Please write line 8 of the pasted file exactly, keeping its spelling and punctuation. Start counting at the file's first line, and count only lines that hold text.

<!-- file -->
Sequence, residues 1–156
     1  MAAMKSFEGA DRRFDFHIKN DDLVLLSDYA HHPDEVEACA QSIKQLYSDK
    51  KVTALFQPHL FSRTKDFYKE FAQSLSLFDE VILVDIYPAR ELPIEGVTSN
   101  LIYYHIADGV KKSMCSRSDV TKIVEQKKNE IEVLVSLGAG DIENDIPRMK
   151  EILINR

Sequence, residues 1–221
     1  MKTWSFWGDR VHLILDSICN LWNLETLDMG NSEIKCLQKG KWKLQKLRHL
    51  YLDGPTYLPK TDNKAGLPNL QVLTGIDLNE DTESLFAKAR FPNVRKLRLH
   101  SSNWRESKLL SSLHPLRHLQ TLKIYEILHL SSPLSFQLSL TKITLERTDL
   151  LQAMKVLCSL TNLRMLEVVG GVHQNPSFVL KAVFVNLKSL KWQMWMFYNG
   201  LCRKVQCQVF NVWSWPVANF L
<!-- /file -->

    51  YLDGPTYLPK TDNKAGLPNL QVLTGIDLNE DTESLFAKAR FPNVRKLRLH